Police receive emergency kits hours to elections
By Kepher Otieno
| August 7th 2017
7, August: The Independent Policing Oversight Authority (IPOA) through its Chairperson, Macharia Njeru released a statement Monday, saying IPOA and Kenyans at large do not expect the Kenya Police to engage in any acts that could lead to the loss of lives and expects them to conduct themselves with the highest level of professionalism.
"While enforcing the law, Schedule six of the National Police Service Act is very clear that Police officers must always attempt to use non-violent means first. If they must, force may only be employed when non-violent means have failed. Secondly, the force used must be proportional to the desired objective or the seriousness of the offence. And, if at all this happens, it must only be to the extent necessary and with strict adherence to the provision of the law and the Standing Orders," read the statement.
The Nyanza regional coordinator, Mr Wilson Njenga has said it was by coincidence that the body bags were part of the several First Aid and Emergency preparedness equipment donated to the police a head of the elections. “We received many items including stretchers, medicine, gloves, among others. There was no ill motive in the body bags,” said Mr Njenga.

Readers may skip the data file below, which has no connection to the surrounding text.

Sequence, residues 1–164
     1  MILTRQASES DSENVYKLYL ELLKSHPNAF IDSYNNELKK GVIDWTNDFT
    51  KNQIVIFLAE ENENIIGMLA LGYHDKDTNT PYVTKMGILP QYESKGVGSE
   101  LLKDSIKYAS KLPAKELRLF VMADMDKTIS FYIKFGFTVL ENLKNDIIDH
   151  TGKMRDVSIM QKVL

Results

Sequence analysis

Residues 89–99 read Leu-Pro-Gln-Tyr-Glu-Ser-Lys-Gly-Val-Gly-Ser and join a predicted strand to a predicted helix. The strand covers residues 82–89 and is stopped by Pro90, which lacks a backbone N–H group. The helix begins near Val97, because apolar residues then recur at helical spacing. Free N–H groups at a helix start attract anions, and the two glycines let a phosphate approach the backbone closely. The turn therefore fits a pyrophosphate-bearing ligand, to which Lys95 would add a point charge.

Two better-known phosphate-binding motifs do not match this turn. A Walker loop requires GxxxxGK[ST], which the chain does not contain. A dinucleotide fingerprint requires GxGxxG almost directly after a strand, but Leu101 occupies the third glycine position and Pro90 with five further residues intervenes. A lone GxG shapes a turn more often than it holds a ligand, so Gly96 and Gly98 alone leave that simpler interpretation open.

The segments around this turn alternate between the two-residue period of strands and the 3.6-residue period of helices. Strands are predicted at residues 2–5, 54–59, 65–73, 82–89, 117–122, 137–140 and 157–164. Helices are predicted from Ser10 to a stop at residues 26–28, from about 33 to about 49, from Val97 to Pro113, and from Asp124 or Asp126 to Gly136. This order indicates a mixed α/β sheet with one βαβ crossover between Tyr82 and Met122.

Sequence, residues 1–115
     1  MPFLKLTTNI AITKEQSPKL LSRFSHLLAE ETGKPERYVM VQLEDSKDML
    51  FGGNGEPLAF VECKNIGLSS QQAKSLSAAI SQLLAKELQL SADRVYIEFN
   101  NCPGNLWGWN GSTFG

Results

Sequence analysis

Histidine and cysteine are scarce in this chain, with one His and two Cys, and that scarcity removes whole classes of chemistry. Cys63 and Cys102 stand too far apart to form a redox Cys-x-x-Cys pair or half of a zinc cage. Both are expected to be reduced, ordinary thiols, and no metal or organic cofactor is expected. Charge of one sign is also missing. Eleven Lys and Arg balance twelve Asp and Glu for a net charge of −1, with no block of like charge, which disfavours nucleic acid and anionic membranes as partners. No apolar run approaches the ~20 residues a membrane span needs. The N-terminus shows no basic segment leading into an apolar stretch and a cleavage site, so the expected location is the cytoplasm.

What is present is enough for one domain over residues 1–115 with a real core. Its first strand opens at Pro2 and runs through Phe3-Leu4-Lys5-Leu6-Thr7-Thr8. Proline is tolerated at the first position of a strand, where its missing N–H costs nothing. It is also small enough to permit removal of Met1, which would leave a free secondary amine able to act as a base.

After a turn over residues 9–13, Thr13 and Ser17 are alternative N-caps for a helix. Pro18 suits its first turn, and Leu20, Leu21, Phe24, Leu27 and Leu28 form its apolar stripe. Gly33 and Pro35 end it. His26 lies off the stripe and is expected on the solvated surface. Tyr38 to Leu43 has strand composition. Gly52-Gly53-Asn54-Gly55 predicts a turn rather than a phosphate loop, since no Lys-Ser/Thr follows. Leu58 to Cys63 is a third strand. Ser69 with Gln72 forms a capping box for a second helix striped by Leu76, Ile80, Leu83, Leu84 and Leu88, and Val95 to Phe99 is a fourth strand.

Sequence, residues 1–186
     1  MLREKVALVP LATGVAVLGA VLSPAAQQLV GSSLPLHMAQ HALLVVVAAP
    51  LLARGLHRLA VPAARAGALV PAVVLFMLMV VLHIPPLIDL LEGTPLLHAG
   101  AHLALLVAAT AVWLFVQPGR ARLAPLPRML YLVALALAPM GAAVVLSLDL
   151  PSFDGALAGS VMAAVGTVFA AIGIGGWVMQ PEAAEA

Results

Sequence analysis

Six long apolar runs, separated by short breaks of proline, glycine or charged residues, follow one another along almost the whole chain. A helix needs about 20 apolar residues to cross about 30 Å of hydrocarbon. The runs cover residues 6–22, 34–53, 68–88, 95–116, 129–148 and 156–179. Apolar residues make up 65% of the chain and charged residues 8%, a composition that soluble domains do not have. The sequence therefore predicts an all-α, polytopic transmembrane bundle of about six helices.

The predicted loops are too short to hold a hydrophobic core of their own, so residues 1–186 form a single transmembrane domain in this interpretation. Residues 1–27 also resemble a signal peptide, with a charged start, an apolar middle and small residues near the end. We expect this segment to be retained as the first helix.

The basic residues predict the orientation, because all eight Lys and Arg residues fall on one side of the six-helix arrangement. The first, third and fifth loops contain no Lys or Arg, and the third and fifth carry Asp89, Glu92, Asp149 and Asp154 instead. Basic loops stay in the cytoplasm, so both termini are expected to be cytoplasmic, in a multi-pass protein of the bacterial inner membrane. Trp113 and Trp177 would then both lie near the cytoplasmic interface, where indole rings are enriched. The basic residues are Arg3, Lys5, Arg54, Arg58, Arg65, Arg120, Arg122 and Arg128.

Mr Njenga also said the Police will only help IEBC to enforce a law that required voters to stay 400m away from the polling stations after casting their ballots “Our is to enforce the law. We will not act outside the law,” said Mr Njenga.
Emergency kits donation
On Friday, Police received first aid and disaster preparedness equipment including hundreds of body bags ahead of the August 8 elections. The officers received gloves, stretchers, first aid kits and other emergency materials as part of preparedness to deal with casualties in case of violence during and after the elections.
The equipment was handed over to the Administration Police Commander Joseph Keitany by a Non-Government Organisation on Friday. Top security officials in Nyanza led by Regional Coordinator Wilson Njenga said the body bags were to boost preparedness for weighty events such as elections.
"We will use these kits including the body bags in cases of emergency or accidents or casualties arising from the election," said Mr Njega.
He ruled out claims they were pre-empting either deaths or fatalities arising from the election, saying such preparations were being put in place by all systems. "The Kenya Red Cross team are ready with first aid and medical kits, so the police is not an exception. This is a routine exercise," he said.
Addressing the media in Kisumu, Njenga said they would not allow anybody to gather outside polling stations apart from accredited voters or election observation mission.
He said police were under instructions to deal with those defying the directive. [Kepher Otieno]
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